A Microservices Saga Choreography Example
In a recent blog post we wrote about the Saga Pattern. Saga attempts to coordinate or manage the notion of transactional consistency across multiple services when a transaction is made of several distributed steps completed by each of the services. Each service in the Saga performs its own transaction and publishes an event. A common scenario where a scalable Saga pattern can be useful is demonstrated in several everyday use cases many of us have used. In this type of a workflow, we often see the anti-pattern of synchronous calls in series which leads to a number of problems regarding availability and scale.
Saga Choreographer Example
Below we demonstrate the proper implementation of Saga with a simple example like coffee orders coming into a major coffee chain through a mobile app client. Each services is listening to events from other services and determining action that’s needed.
A sleepy coffee drinker places an order for their favorite Americano preferring 7 extra espresso shots. The browser makes a request for one medium Americano with the add on of 7 extra shots. The Order Service receives the request, creates, and writes (commit) it in an OPEN state followed by the publishing of an event to the dumb bus. The event data needs to be persisted for durability allowing a potential replay. At this point the order management work is complete, but to complete the overall order the Barista service needs an open order.
- The Barista Service as a subscriber listens on the topic for an order and then processes it. An acknowledgement of the order is given on another topic to the Order Service. Again, the event is persisted for possible replay. The Order goes into a PREPARING status.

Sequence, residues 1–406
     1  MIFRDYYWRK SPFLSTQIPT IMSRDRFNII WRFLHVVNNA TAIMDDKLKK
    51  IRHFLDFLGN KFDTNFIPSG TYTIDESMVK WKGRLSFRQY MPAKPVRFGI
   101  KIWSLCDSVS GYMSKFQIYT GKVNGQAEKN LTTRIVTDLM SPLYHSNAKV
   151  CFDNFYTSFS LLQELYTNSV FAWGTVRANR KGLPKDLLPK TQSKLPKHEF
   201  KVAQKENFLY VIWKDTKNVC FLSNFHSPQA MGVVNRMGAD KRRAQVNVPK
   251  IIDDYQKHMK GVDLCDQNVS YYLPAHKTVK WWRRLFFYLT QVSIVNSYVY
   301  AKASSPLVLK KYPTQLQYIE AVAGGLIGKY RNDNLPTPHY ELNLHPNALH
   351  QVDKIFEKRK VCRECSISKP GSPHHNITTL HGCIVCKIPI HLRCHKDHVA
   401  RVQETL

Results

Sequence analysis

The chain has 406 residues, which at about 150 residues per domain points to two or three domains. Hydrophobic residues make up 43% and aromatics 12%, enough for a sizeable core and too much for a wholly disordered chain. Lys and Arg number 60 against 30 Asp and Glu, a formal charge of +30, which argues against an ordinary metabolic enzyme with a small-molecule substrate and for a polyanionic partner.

- Once the Barista Service completes making the medium Americano, it sends a message to the Pickup Service and the Order Service. The Order goes into a READY status
- The PickUp Service processes the message, stages the Americano for pickup, and a message that the order is ready is published and persisted.
- The Order and Barista Services, all using a shared library for coordination, commit the transaction recognizing the Saga is complete.
Saga Choreographer Deployment
The preferred approach above for the coffee use case provides the following benefits:
- Maintains the benefits of bulkheads such as isolation between Orders, Barista, and Pick-Up
- Eliminates problems with conflicting updates with the use of a Commit Coordinator Library.
- Allows for highly elastic demand and the morning surge for coffee orders without complete failure.
Avoid Synchronous or Asynchronous Deployments
If implemented with a synchronous or asynchronous saga series anti-pattern we described, the coffee order on the Saga will potentially face the following failures:
- Failure of a request from the client due to overloaded resources from slow synchronous calls
- Slow completion of an action from a client request
- Inconsistency of data across services data stores
The application above that uses Saga Choreographer works based on its simplicity and low number of services. If additional services were part of the architecture, we would instead recommend using the Saga Orchestrator Pattern. We don’t recommend Choreographer for transactions that include more than 3 services. Commit and Voting algorithms increase development costs and make troubleshooting more difficult especially as the number of services increases.
Responding To Failures
When a services fails, the originating or source service is responsible for compensating to maintain transaction integrity. This isn’t free and introduces some of the complexity we’ve pointed out with the Choreographer approach. For example, if the Pick-Up service fails or doesn’t respond in the time tolerated, the Order service’s commit coordinator must trigger a clean-up process by publishing a new event that a particular OrderID has failed. Any service that has something committed about the failed order id will rollback the change in its own data store.
Monitoring The Saga
Any failures should be logged at a minimum and if thresholds have been met, alerts should trigger an operations team to investigate. Your monitoring capabilities for failure or slow performance should have the ability to detect slow downs for each service. That means that each service needs to log the success and failure along with time of responses for expected events from subsequent events. That way alerts can trigger based on both failure and response times within the flow.
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This is one blog post of a series about Microservices: Patterns and Antipatterns.